U.S. District Court Judge James Ware ruled today that the Aug. 4, 2010, decision by now-retired Judge Vaughn Walker striking down Proposition 8 as unconstitutional could not be vacated -- as the proponents of Proposition 8 argued on Monday, June 13 -- because Walker is gay and has a partner.
In introducing the denial, Ware writes:
After considering the Oppositions to the Motion and the governing law, as discussed below, the Court finds that neither recusal nor disqualification was required based on the asserted grounds. The sole fact that a federal judge shares the same circumstances or personal characteristics with other members of the general public, and that the judge could be affected by the outcome of a proceeding in the same way that other members of the general public would be affected, is not a basis for either recusal or disqualification under Section 455(b)(4). Further, under Section 455(a), it is not reasonable to presume that a judge is incapable of making an impartial decision about the constitutionality of a law, solely because, as a citizen, the judge could be affected by the proceedings. Accordingly, the Motion to Vacate Judgment on the sole ground of Judge Walker’s same-sex relationship is DENIED.
Specifically, Ware looks at recusal case law and concludes:
In a case that could affect the general public based on the circumstances or characteristics of various members of that public, the fact that a federal judge happens to share the same circumstances or characteristic and will only be affected in a similar manner because the judge is a member of the public, is not a basis for disqualifying the judge under Section 455(b)(4).
In applying this conclusion to the present case, the Court finds that Judge Walker was not required to recuse himself under Section 455(b)(4) on the ground that he was engaged in a long-term same-sex relationship and, thus, could reap speculative benefit from an injunction halting enforcement of Proposition 8 in California. ... Requiring recusal because a court issued an injunction that could provide some speculative future benefit to the presiding judge solely on the basis of the fact that the judge belongs to the class against whom the unconstitutional law was directed would lead to a Section 455(b)(4) standard that required recusal of minority judges in most, if not all, civil rights cases. Congress could not have intended such an unworkable recusal statute.
As to the underlying principles at play, Ware also notes, "[I]t is inconsistent with the general principles of constitutional adjudication to presume that a member of a minority group reaps a greater benefit from application of the substantive protections of our Constitution than would a member of the majority."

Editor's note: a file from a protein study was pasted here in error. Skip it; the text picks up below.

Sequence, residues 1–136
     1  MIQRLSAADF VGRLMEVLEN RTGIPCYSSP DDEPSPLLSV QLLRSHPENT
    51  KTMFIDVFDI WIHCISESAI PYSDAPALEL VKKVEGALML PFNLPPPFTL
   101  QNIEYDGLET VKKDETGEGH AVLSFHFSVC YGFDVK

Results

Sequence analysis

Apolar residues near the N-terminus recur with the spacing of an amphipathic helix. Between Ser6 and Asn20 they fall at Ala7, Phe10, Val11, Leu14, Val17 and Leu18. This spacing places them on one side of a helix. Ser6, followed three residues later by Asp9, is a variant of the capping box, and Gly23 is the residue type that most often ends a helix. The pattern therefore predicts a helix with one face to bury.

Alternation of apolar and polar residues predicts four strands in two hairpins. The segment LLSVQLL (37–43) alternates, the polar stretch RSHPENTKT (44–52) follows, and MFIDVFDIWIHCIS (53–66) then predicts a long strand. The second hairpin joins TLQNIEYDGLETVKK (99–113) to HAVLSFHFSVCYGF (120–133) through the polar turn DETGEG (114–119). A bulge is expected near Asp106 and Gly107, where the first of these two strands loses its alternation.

In denying the portion of the proponent's motion claiming that a "reasonable observer" would question Judge Walker's impartiality, Ware writes:
The presumption that Judge Walker, by virtue of being in a same-sex relationship, had a desire to be married that rendered him incapable of making an impartial decision, is as warrantless as the presumption that a female judge is incapable of being impartial in a case in which women seek legal relief. On the contrary: it is reasonable to presume that a female judge or a judge in a same-sex relationship is capable of rising above any personal predisposition and deciding such a case on the merits.
Read the decision: 797.pdf
[UPDATE: On a conference call with reporters immediately following the decision, plaintiffs' attorney Theodroe Boutros said, "They could try to appeal" -- but he noted both standing and procedural complications to doing so.
Later, Charles Cooper, the proponents' lead lawyer, announced that they planned just that, saying in a statement, "Our legal team will appeal this decision and continue our tireless efforts to defend the will of the people of California to preserve marriage as the union of a man and a woman."]
[SECOND UPDATE: Ware also issued a written ruling on the recordings of the trial, denying the proponents’ Motion for Order Compelling Return of Trial Recordings. Going a step further, Ware also set "August 29, 2011 at 9 a.m. for a hearing on Plaintiffs’ Cross-Motion to lift the Protective Order on the video recording of the trial" -- a move sought by the plaintiffs to, as lead lawyer Ted Olson put it, to provide "an opportunity ... for the American people to see that trial."
The effort to publicize the trial is a long-term goal of Olson's, who told a group of reporters in May, "If you had been there during this trial and if America had been there during this trial, attitudes would change overnight."
Read the decision: 798.pdf]